Employers should select a giving program that best suits their needs—there’s a lot more than “match” programs.

According to a survey of 200 Fortune 1,000 companies by the Boston College Center for Corporate Citizenship, 80 percent offered a workplace giving program for employees—and 70 percent of them matched monetary contributions. But a match is just one way to give back, and companies may want to consider other options.

After surveying our employees and researching industry best practices, Wells Fargo introduced a program called Community Care Grants, which replaces our educational matching gifts program and allows employees to direct Wells Fargo Foundation funding to support a broader range of charities than ever before when they volunteer or financially give to a charity.  This allows us to recognize the volunteer activities of our employees, which includes projects in the community but also roles such as serving on a nonprofit board, and amplify these good deeds with grants. For instance, employees are able to direct a $50 Community Care Grant for the first volunteer hour they log in our tracking tool each year, and grants become larger as they volunteer more hours in the future.

But how do companies choose what kind of giving program to offer? We listened to our employees’ feedback, ultimately deciding that the employee-directed approach provided more flexibility and opportunities to give beyond just a dollar-for-dollar match. It’s a matter of weighing the pros and cons of each strategy before deciding on a program that is the right fit.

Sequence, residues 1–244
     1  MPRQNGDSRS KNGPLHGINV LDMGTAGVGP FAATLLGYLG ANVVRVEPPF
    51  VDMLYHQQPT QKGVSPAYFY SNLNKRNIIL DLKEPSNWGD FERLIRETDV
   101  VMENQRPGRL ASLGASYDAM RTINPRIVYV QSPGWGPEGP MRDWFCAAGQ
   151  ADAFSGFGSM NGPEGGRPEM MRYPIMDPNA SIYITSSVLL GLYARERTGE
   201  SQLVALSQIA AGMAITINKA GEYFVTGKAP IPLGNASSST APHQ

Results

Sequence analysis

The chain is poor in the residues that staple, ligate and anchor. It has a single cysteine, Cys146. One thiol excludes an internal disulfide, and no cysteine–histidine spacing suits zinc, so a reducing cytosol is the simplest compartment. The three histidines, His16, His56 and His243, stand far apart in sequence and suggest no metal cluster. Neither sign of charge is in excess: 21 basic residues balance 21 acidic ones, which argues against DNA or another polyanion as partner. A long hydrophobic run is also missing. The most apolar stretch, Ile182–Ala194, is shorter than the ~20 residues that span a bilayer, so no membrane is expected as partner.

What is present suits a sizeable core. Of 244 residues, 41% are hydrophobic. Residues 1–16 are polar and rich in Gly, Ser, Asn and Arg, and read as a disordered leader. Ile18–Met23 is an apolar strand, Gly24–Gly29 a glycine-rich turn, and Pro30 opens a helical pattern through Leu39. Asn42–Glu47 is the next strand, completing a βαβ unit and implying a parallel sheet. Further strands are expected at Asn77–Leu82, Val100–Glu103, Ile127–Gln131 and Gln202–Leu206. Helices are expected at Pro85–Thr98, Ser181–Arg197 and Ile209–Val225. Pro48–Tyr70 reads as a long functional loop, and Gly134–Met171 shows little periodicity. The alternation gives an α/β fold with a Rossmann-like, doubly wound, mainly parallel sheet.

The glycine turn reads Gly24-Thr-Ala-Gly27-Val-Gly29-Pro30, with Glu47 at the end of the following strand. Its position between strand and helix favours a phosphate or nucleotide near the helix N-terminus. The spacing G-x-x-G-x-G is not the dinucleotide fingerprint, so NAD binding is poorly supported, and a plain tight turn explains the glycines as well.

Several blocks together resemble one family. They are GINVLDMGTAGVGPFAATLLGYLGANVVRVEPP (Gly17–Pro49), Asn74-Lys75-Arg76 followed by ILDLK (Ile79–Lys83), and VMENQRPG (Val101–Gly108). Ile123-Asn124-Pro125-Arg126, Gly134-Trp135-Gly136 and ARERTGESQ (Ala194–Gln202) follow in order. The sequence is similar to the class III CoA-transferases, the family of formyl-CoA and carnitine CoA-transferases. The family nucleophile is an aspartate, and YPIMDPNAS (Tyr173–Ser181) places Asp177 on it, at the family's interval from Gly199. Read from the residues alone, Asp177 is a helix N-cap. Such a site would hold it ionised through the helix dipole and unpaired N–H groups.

Companies want their employees to find impactful purpose in their lives, and even to extend the company’s core values and philanthropic strategy in their communities. Whether it’s helping a local housing program, offering expertise to a nonprofit, or being active in your child’s school, we want our employees to know that there is a way for them to make a real difference.  


Executive Vice President, Michael (Mike) Rizer is Head of Community Relations for Wells Fargo & Company and Vice President of the Wells Fargo Foundation.  In these roles, he manages the community development and philanthropy teams across the country that are responsible for community outreach, stakeholder engagement, charitable contributions and reputation risk. He has more than 25 years of experience in advancing affordable housing and neighborhood revitalization initiatives, having started his career as an attorney representing low- and moderate-income families. He is active in the community and serves on the board of Queens University and the advisory board for the University of Dayton College of Arts and Science, as well as boards of the National Center for Healthy Housing and Charlotte Leading on Opportunity.